Use of Endoluminal Antireflux Therapies for Obese Patients with GERD
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Obese patients with gastroesophageal reflux disease (GERD) refractory to medical therapy are a challenging patient population as obesity is a preoperative predictor of failure after antireflux surgery. We therefore sought to evaluate outcomes using one of two commercially available endoluminal therapies in this population.
Consecutive obese patients (body mass index (BMI) > 30) with GERD (DeMeester >14.5) undergoing either Plicator (NDO) or Stretta (Curon) were identified in our single-institution prospective database. Outcomes assessed were: (1) failure rate (absolutely no symptomatic improvement after procedure and/or need for subsequent antireflux surgery), (2) postoperative vs. preoperative symptom (heartburn, chest pain, regurgitation, dysphagia, cough, hoarseness, and asthma) scores, and (3) proton-pump inhibitor (PPI) medication use.
Twenty-two patients each underwent an endoluminal therapy (ten Plicator patients and 12 Stretta patients) with mean follow-up of 1.5 years. There were no treatment-associated complications. Mean BMI was not different between Plicator and Stretta groups (39.6 vs. 38.6, respectively, p = 0.33). The failure rate for the entire cohort was 28% (10% Plicator vs. 42% Stretta, p = 0.11). The proportion of patients reporting moderate/severe symptoms postop was significantly less than preop: chest pain 9% vs. 13% (p = 0.04), cough 22% vs. 36% preop (p = 0.025), voice changes 9% vs. 36% preop (p = 0.012), and dysphagia 9% vs. 32% preop (p = 0.04). The proportion of patients on PPI medications postop was also less than preop (45% vs. 81%, p = 0.1)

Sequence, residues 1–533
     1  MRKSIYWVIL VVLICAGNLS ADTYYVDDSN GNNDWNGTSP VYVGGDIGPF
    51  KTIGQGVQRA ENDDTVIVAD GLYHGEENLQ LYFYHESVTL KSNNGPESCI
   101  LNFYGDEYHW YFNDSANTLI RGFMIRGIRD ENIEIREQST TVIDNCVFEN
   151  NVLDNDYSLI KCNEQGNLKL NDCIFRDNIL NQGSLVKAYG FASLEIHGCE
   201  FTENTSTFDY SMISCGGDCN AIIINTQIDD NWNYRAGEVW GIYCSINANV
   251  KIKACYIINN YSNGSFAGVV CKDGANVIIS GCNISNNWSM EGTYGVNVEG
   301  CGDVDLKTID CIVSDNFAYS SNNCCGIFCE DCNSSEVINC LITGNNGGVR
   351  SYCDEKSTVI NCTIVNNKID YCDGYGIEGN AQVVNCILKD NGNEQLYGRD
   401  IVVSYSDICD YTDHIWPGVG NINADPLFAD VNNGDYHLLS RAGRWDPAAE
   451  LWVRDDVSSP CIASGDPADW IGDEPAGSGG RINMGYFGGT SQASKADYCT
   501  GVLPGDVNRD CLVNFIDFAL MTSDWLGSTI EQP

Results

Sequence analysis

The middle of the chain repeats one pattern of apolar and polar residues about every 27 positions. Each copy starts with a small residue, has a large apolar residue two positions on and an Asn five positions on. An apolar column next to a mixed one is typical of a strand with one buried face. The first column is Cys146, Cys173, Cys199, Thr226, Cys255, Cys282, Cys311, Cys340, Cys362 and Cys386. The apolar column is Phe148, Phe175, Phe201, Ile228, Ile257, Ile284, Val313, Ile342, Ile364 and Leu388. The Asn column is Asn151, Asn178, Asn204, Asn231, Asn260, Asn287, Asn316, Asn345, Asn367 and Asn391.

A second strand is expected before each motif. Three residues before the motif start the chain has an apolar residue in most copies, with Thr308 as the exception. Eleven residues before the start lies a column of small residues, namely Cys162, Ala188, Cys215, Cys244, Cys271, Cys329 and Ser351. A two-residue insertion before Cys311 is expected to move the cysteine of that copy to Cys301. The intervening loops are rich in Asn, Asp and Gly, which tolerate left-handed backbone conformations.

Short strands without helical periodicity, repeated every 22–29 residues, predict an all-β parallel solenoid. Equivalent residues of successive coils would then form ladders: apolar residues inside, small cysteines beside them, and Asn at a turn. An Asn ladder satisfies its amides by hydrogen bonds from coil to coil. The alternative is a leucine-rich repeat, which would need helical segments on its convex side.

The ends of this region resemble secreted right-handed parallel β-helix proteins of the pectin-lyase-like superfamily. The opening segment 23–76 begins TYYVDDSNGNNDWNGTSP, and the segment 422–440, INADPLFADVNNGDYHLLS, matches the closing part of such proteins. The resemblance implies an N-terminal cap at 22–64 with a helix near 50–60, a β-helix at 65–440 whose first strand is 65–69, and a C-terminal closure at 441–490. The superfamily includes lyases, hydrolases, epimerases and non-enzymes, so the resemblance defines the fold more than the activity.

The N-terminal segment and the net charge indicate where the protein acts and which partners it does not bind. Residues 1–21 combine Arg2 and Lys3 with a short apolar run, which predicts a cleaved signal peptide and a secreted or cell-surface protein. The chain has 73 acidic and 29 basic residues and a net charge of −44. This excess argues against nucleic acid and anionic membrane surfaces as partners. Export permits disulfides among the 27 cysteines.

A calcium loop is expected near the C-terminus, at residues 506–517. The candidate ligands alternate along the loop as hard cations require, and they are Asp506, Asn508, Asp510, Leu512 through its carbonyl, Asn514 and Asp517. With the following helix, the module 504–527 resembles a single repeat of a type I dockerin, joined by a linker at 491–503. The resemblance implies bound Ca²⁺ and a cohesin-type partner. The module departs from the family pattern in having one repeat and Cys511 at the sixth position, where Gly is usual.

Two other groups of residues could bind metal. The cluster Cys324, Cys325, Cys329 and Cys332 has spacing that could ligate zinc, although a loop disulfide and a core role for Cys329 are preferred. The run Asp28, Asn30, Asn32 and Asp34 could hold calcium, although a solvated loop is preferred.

Endoluminal treatment can provide a safe means of improving GERD symptoms for some obese patients, though many will continue to require medication therapy also. Further work aimed at understanding optimal candidates for endoluminal therapy in this patient population is warranted.
KeywordsObesity GERD Endoluminal Plication Radiofrequency ablation
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